Federal agriculture authorities have awarded $200,000 to a West Virginia University professor to study what leads to inconsistent levels of THC in hemp plants, sometimes above what’s legal.
Michael Gutensohn, an assistant professor of horticulture will be collaborating with two former WVU faculty members for the project, which includes seeing what genetics and environmental factors lead to THC accumulation in plants. The study is funded by a research arm of the U.S. Department of Agriculture, the National Institute of Food and Agriculture.
Gutenshon says evidence that environment plays a role in a hemp plant’s THC level has been circumstantial and not scientifically analyzed, according to the West Virginia Explorer.
Gutenshon still study hemp grown in high temperatures, in drought, varying light intensity, with different amounts of fertilizers to cover the different environments the plants would be planted in.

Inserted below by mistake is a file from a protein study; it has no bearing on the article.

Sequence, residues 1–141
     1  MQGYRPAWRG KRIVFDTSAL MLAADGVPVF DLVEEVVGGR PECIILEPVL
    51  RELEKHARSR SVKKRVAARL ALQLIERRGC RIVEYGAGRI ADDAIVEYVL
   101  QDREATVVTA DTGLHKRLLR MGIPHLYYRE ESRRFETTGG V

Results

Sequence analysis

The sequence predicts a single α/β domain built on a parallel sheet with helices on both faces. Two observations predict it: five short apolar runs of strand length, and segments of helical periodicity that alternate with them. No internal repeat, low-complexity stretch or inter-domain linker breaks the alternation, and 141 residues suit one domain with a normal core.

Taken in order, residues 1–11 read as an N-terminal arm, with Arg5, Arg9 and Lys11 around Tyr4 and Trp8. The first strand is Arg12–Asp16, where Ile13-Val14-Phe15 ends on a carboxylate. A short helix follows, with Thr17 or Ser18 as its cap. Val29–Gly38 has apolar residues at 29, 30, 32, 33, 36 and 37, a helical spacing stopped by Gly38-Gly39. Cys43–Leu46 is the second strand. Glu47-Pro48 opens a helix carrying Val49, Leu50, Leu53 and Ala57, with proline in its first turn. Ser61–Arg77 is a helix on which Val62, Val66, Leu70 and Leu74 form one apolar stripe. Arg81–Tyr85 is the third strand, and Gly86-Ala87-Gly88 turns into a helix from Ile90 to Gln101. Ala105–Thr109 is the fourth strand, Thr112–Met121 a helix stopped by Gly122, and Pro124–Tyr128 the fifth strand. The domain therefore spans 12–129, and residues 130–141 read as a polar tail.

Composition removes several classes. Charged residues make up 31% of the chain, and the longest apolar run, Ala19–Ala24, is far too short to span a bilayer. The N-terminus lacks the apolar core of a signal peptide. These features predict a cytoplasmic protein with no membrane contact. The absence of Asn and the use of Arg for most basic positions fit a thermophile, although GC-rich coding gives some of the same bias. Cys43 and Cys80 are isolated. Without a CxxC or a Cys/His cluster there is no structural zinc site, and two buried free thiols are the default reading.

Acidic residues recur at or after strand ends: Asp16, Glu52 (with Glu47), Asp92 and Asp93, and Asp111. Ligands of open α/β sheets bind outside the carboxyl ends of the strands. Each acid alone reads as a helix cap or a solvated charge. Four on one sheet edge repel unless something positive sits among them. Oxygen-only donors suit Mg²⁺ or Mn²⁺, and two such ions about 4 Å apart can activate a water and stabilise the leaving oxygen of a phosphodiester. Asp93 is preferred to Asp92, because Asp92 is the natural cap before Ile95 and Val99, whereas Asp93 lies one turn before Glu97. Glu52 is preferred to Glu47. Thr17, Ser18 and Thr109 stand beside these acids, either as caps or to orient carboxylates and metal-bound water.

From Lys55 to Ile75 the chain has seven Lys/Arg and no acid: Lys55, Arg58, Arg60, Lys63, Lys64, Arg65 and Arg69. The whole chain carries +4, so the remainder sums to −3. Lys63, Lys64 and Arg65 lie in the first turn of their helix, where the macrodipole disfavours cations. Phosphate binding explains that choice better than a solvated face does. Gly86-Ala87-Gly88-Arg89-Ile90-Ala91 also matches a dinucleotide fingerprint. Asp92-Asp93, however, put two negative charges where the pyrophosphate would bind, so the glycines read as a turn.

After analyzing the different environmental effects on hemp, Gutenshon and his team will try to genetically modify the plant.
“Whenever you see such a response in a plant, it normally means there’s genetic regulation happening,” Gutenshon said. “To ultimately solve this problem, we need to have a better understanding of the genetic regulation.”
We are not the original authors of this article. This content was republished from HempIndustryDaily.com.